ACTA: to keep in mind

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Revision as of 19:36, 22 March 2012 by Neurone730 (talk | contribs) (Arguments against an interim report)
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This page lists key points to remember in any discussion about ACTA. It also provides information about the current procedure at the European Parliament.
To help us fight ACTA, visit our page How to act against ACTA.

Main arguments

Against ACTA in general

  • ACTA turns Internet companies (ISPs, service providers) into a private copyright police by forcing to take legal responsibility for what their users do online.
  • ACTA brings broad and dangerous criminal sanctions in a loosely defined way.
  • ACTA bypasses democracy and opens the door to a parallel legislative process, which the European MPs should be particularly angry about.

Arguments against an interim report

In its strategy to delay the final vote on ACTA and defuse the debate, rapporteur David Martin is pushing for an "interim report". This is a bad initiative overlooking crucial political issues, which should be rejected:

  • An interim report would be neutral in nature, and would prevent the Parliament from taking, in the near future, a strong political position against ACTA and recommend its rejection. Rule of procedure 81(3) of the EU Parliament also specifies that an interim report's goal is to achieve "a positive outcome of the procedure", which in this case means "the ratification of ACTA". This confirms the logic of Mr Martin's proposal: to buy time, defuse the debate, and try to save ACTA's fate.
  • According to rule 81(3), the interim report is meant to propose "recommendation for modification or implementation". However, ACTA has been negotiated and signed. It cannot be modified.
  • Mr. Martin argues that the interim report should question the Commission on ACTA's "implementation" (i.e how ACTA will be transposed into EU law). But the Commission's response will be non-binding, politically biased, and therefore close to meaningless. It has negotiated ACTA and has already argued that "ACTA does not change EU law" (i.e does not require implementation measures). However, such interpretation is contradicted by a study commissioned by the "International Trade" committee and an opinion by leading scholars. Moreover, an interim report focusing on implementation measures would overlook important political questions. Regardless whether ACTA will require direct implementation measures, it will for sure set a repressive policy-making trend in the field of copyright, patent and trademark, in the EU and worldwide. ACTA will also block any positive reform of today's dangerous and expansive copyright, patent and trademark law.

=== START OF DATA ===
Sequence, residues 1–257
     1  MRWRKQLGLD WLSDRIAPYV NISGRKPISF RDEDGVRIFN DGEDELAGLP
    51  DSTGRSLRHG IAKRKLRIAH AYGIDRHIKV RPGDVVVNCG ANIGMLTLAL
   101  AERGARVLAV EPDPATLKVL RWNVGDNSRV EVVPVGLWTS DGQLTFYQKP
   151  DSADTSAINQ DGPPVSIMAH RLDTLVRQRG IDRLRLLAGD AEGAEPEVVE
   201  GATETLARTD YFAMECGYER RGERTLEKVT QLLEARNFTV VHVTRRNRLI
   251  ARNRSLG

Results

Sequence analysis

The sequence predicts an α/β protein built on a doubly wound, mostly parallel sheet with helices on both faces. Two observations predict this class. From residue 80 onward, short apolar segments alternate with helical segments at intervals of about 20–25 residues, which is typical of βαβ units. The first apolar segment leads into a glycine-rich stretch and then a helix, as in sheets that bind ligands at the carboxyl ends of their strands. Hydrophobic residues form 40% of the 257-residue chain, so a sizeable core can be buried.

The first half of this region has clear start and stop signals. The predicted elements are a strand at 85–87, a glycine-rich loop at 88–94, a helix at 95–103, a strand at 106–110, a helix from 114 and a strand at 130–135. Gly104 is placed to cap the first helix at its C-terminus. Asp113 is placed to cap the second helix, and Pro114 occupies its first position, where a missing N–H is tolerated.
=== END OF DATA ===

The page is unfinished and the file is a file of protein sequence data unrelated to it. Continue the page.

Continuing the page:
Arguments against EU Court of Justice referral to the EU Parliament

An ECJ referral by the Parliament – pushed by ACTA rapporteur David Martin – is useless at best and most likely harmful, for the following reasons:

  • There is only one question that the Parliament can ask to the ECJ, the very same one that the Commission will ask in its own referral, as defined by the treaties (see art. 218.11 TFEU). It is narrow in scope, and legalistic in nature. It will fail to address ACTA's numerous political problems. The Parliament cannot simply ask any question it wants.
  • The argument that the Parliament could detail the Commission's question with its own referral does not resist scrutiny: In any case, the Parliament will have an opportunity to send its written observations to the Court during the Commission's referral (rules of procedure 107.1 of the ECJ, in pdf).
  • If the Parliament decides to send its own referral, the consent vote will be postponed (see rule 90(6) of EP RoP), and it will be easy for the minority of pro-ACTA MEPs to claim that no significant work should be undertaken on ACTA before the ECJ has answered.

Learn more

  • You should also read our counter-arguments to the Commission's disinformation about ACTA, it answers most arguments that you might encounter by those defending ACTA.

The following resources are also helpful in better understanding ACTA:

ACTA Procedure in the European Parliament

Most countries negotiating ACTA have already signed it, as well as most EU Member States.

But ACTA still needs to be presented to the European Parliament (EP) and if the European Parliament votes NO to ACTA and rejects it, this will deal a likely fatal blow to the agreement.

ACTA handcuffed world

Before ACTA goes to vote before the whole of the European Parliament, several EP committees will be giving their opinion on the text, guiding the EP's final stance on ACTA.

This is why as citizens we must contact members of these committees to make sure they hear all about what is wrong with ACTA.

The International Trade INTA Committee of the European Parliament is the main committee working on ACTA.

The Industry (ITRE), Civil Liberties (LIBE), Legal Affairs (JURI), and Development (DEVE) committees are also working on ACTA.

  1. They will first vote on their opinions after holding “exchange of views” on draft reports in the coming weeks (INTA's next exchange of views is 26/03/12 for instance).
  2. Opinions will then be sent to INTA to influence its final report.
  3. The INTA committee will then vote on its on opinion
  4. Finally, INTA will sent this final report to the European Parliament, which will take it into account for its final vote on ACTA.

The contents of INTA's report are therefore very important, and we need to make sure it reflects European citizens' legitimate concern about ACTA.

For more detailed information about the ACTA procedure in the European system, please see the procedure file.